I was very wrong about ABC Family’s “Huge” (Monday nights at 9 EST). I assumed wrongly that a show about teenager set at a fat camp — especially one released in the wake of Paul Blart — would be a series of fat jokes, fat pratfalls, and a lot of other easy but spectacularly unfunny jokes. Or worse: It’d be a series of treacly After-school specials about eating disorders. But it’s neither of those things. It’s a sophisticated teen drama with nuance of character. It’s surprisingly thoughtful and aims to explore issues of obesity and self-image in a way that’s not self-contained — there are no magical makeovers, and I’d be surprised if any of the characters lost a significant amount of weight throughout the course of the season. Indeed, it’s as much about the challenges of living with the extra weight as it is about getting rid of it.
Nikki Blonsky (Hairspray) is Will, the lead character in the ensemble. Her parents shuffled her off to fat camp because they were ashamed of her weight. Blonsky’s character, so far, is the most dynamic: She doesn’t want to lose weight because she perceives it as a concession to her parents. She’s proud and defiant and empowered and cynical. But she’s also afraid of earnestly attempting anything because she doesn’t want to fail. Admitting that she actually wants to lose weight would put her in the strange position of conceding that she doesn’t like who she is, which isn’t true, but it’s also not false, either. And in a wasteland where obesity is exploited for gags and treated like one-dimensional characters, Blonsky’s Will is a rarity: an overweight character with thoughts and feelings and even a sense of humor that doesn’t revolve around making cracks at her own expense. It’s interesting, through the first two episodes, to watch her pride duke it out with both her insecurities and her fear of failure.
The best friend role here is played by Raven Goodwin’s Becca; it took me an episode and a half before I could place her as the little girl in The Station Agent. Becca is in her second stint at fat camp, having gained all the weight back from her first attempt, and she helps guide Will through the process initially, though in the second episode, she’s sort of pushed into the background to make way for Hayley Hasselhoff’s Amber (and yes, she’s the daughter of David; she’s also a pretty good actress). Amber is overweight but pretty, and while initially that makes her the outcast, the writers are careful not to make her a villain. She’s also dealing with her own set of insecurities, namely that she’s attractive but doesn’t realize it because all she can see about herself is the flab, which presents an interesting wrinkle in the thin camp counselor’s attempts to express his romantic interest in her. Amber also clearly has a co-dependent relationship with her mom from which she’s struggling to break free.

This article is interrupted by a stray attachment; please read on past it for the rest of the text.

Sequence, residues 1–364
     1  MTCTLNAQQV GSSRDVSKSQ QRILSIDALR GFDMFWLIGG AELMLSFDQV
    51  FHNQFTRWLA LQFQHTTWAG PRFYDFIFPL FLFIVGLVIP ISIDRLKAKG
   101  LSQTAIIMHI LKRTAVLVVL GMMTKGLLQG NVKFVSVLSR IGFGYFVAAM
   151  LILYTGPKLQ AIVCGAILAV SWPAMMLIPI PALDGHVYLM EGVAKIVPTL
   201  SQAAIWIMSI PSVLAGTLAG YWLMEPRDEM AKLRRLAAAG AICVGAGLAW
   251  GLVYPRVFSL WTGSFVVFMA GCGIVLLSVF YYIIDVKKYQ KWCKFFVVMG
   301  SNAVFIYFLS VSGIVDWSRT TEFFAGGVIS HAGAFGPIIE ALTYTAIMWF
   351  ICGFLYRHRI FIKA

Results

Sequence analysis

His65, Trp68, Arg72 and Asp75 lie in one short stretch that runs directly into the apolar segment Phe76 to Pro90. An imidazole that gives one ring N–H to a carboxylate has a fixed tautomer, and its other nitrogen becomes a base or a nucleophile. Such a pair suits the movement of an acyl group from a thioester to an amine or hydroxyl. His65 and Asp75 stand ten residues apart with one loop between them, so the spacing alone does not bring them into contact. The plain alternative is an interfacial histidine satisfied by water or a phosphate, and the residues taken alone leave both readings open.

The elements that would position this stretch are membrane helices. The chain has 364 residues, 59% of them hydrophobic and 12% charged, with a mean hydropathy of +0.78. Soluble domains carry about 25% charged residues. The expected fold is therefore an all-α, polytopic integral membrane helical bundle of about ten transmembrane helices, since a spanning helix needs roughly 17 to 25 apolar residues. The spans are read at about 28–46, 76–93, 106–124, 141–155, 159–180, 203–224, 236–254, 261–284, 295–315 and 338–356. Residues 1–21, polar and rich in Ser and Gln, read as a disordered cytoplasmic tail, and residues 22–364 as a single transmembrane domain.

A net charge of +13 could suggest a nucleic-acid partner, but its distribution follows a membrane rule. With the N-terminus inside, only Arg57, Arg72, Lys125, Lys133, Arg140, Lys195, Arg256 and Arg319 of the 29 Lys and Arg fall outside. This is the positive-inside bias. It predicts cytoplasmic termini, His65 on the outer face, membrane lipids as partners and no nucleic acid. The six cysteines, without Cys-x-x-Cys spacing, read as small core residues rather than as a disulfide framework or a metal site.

Meanwhile, Gina Torres (yes, “Firefly’s” Zoë Washburne) is the head camp counselor; a strong disciplinarian whose backstory hasn’t fully been revealed yet. She has an strained relationship with her father, who she’s asked to come to the camp and cook.
“Huge” is clearly going for the same sort of vibe as “Friday Night Lights,” with the Explosions in the Sky knock-off music, and while it certainly doesn’t attain nearly those heights, it’s a welcome show if only for its attempts to address a widespread issue that our popular culture largely ignores. Something like 62 percent of Americans are overweight, and half of those are obese, and yet few in movies or on television have attempted to address body-image insecurities in a real and earnest way. “Huge” is not completely successful in its own attempts (and the pace drags a little), and it’s likely not a show I’ll continue watching (it is, after all, geared toward teens), but it’s heartfelt and an honest show — the overweight characters are played by actors who are actually overweight (and not overweight by Hollywood standards). More than that, it gets a lot right; it’s an emotionally attuned drama that explores the many complexities overweight teenagers must navigate with their parents, with their romantic interests, and most of all, with themselves. Better still: There’s not a two-by-four joke in sight.